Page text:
IT is the largest low-emissions zone in southern Europe.
From this week, drivers of old cars are being penalised from driving into a big 95 km square area of Barcelona.
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Petrol cars registered before 2000 and diesel cars older than 2006 will be banned and face a fine of €100 to €500 each time they enter the zone.
The new ruling is expected to take 50,000 fewer cars out of the area from its first week.
But deputy mayor Janet Sanz hopes it will reduce the number of cars in the city by 125,000 within three years.
The levels of air pollution should drop by 20% within four years.
Furthermore, if the targets aren’t met, the city will introduce a London-style congestion charge for all vehicles.
“It’s a combination of reducing pollution but reconfiguring public space so that everyone can enjoy it,” said Sanz.
During a three month moratorium offenders picked up on 150 cameras will receive notification of the infraction but not be fined.
Unlike a similar zone in central Madrid, the ban covers the entire metropolitan area, or 20 times larger.
In the Madrid zone, levels of nitrogen dioxide (NO²) fell by 48% in a year.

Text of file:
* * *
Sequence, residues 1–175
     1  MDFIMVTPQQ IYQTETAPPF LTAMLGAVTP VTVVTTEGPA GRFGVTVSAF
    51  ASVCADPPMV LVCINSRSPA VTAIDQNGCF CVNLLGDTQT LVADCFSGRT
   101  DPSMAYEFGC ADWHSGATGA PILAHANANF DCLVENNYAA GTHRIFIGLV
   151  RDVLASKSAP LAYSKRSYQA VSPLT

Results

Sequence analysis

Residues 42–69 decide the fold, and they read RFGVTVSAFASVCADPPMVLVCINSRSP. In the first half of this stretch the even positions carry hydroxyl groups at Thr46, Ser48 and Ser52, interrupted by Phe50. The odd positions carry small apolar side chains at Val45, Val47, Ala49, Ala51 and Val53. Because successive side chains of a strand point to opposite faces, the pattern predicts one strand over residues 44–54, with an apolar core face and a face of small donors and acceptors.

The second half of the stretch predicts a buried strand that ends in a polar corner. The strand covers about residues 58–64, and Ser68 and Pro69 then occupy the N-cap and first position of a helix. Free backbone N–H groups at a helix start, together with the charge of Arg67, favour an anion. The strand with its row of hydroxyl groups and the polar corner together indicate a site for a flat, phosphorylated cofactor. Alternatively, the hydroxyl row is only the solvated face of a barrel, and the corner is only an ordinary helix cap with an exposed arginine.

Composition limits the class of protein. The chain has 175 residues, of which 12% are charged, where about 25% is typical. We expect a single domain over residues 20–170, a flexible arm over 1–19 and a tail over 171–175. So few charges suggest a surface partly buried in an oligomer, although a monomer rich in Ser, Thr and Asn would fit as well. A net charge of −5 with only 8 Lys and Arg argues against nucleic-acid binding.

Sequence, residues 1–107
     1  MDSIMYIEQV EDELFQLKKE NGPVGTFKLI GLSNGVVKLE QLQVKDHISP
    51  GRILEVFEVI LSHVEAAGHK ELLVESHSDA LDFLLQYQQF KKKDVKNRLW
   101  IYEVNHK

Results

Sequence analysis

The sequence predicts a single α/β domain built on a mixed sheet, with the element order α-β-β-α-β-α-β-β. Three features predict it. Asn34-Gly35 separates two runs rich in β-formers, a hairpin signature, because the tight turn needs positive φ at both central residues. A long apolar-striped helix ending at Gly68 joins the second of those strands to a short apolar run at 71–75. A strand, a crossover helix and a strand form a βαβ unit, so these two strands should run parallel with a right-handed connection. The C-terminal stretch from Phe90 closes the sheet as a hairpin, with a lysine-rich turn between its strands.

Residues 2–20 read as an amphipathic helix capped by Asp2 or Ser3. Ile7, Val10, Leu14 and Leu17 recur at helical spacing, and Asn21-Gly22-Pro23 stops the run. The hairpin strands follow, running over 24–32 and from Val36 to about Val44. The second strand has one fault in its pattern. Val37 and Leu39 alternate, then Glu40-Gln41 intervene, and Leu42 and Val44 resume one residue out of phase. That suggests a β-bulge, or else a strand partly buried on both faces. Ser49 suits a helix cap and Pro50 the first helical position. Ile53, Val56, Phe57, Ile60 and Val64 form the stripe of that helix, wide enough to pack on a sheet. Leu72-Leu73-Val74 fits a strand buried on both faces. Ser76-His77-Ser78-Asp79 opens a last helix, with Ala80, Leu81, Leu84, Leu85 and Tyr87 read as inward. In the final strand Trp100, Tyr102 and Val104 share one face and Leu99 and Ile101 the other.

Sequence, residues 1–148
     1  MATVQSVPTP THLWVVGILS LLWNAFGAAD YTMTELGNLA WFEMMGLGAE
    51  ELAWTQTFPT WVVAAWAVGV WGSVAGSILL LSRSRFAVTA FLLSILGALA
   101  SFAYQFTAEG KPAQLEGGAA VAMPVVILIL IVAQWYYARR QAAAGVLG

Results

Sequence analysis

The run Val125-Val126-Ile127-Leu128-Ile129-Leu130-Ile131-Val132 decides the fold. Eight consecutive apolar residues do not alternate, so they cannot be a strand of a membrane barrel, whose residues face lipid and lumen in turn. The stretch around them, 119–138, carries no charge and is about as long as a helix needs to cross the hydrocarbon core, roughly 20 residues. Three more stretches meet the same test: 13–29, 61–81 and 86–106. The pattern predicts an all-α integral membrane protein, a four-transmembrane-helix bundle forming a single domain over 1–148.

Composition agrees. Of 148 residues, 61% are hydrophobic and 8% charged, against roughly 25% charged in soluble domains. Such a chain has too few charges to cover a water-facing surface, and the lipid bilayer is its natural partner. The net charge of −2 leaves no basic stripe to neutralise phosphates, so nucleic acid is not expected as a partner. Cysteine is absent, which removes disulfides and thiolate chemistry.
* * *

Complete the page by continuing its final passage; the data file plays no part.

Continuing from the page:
Both cities frequently exceed World Health Organization levels for Nitrogen Oxide and other pollutants.
The low-emissions zone is designed to complement the city’s so-called ‘superblocks scheme’, in which areas made up of nine blocks are closed to through traffic and partly pedestrianised.
There are currently six superblocks, with 11 more at various stages of completion.
The plan envisages a total of 503 encompassing almost all the city.
The city hopes the scheme will encourage people to use the city’s excellent public transport system.
And the authorities have introduced new tariffs, including a travel card offering unlimited journeys on buses and trains within the metropolitan area for just €40 a month.
Owners of banned vehicles who earn less than €8,000 a year will be exempt, as well as delivery vehicles.
Banned vehicles will be allowed to enter the city 10 times a year.